Monday, January 23, 2012

Rotation in Dynamic Moves

The entire idea of movement in climbing revolves around moving from one body position to the next. Knowing that it's more of a gradient rather than a binary concept, let's quickly look at the two main types of movement:

In more static climbing, a climber uses the holds they have to move comfortably into a body position where they are ready to change to the next hold. Examples of this might be perching weight on a good foothold before moving the hands, finding balance on one leg before stepping up to the next foothold, and locking off on one arm to move the other hand.

More dynamic climbing revolves around the climber making similar movements, but with momentum. A lockoff made dynamic might involve a lot more motion coming from the leg and hip, rather than the arm and shoulder. Especially on steep walls, and for very large moves, the ability to create and control momentum becomes crucial.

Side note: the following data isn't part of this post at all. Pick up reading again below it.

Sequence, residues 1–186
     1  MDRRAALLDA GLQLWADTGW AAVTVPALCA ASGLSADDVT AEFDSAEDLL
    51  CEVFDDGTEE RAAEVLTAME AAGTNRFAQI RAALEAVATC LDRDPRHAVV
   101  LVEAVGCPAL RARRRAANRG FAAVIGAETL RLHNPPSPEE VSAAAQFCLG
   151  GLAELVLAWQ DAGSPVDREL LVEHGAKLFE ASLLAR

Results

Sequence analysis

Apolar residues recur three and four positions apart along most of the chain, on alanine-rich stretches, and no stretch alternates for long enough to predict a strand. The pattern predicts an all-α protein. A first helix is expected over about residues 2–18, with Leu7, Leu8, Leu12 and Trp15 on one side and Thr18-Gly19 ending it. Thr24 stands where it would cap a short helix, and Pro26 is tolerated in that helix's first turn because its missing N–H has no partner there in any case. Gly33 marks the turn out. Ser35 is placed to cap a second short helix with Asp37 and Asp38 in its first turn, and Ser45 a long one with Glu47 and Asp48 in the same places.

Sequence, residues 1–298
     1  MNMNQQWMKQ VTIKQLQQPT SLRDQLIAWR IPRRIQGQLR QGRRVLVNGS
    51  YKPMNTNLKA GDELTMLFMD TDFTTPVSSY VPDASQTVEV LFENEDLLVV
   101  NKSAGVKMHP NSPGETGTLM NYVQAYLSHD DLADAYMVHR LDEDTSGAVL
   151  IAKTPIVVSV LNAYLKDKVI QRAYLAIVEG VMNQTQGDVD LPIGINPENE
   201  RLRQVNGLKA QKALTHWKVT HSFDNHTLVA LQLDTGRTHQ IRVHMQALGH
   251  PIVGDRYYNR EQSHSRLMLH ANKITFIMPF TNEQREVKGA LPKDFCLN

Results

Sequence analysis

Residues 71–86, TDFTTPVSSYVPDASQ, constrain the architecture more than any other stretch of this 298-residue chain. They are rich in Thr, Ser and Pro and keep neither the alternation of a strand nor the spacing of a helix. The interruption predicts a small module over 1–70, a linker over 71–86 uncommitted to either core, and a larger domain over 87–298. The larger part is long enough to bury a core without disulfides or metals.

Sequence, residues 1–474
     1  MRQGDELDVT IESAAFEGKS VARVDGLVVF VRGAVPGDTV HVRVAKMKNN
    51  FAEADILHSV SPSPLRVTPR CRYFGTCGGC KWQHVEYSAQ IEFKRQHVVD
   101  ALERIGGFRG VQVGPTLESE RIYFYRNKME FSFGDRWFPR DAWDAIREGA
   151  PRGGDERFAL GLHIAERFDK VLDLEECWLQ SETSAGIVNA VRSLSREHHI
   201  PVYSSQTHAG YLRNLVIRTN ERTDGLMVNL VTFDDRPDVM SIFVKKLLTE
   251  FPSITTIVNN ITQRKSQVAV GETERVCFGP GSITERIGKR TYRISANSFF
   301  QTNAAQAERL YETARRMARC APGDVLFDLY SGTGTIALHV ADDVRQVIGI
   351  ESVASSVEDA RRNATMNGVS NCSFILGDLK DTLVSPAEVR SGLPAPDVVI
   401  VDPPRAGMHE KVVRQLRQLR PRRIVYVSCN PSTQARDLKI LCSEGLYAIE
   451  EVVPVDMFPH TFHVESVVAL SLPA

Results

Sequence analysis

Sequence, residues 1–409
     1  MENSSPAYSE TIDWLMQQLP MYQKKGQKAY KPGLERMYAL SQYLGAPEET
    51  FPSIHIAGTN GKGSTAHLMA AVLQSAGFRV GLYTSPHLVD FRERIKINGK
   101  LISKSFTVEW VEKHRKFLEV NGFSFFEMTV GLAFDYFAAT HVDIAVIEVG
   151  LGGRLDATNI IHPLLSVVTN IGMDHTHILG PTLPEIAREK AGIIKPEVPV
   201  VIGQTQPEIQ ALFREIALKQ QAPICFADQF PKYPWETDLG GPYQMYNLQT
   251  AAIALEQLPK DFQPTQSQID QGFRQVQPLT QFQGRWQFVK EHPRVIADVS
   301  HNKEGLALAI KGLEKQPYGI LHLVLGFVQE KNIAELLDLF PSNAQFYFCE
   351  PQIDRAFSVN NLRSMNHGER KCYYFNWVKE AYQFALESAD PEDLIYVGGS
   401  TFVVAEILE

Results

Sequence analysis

However, in these dynamic movements, the thesis I started with remains true. A dynamic movement is simply using momentum to move from one body position to the next, rather than tension. There are many applications of forced dynamic movement: most notably, larger upward movement becomes possible. Lateral movement can be added in to spice things up. Dynamic movement to poor holds can require immediate resistance ("holding the swing") rather than the constant tension offered by static resistance climbing.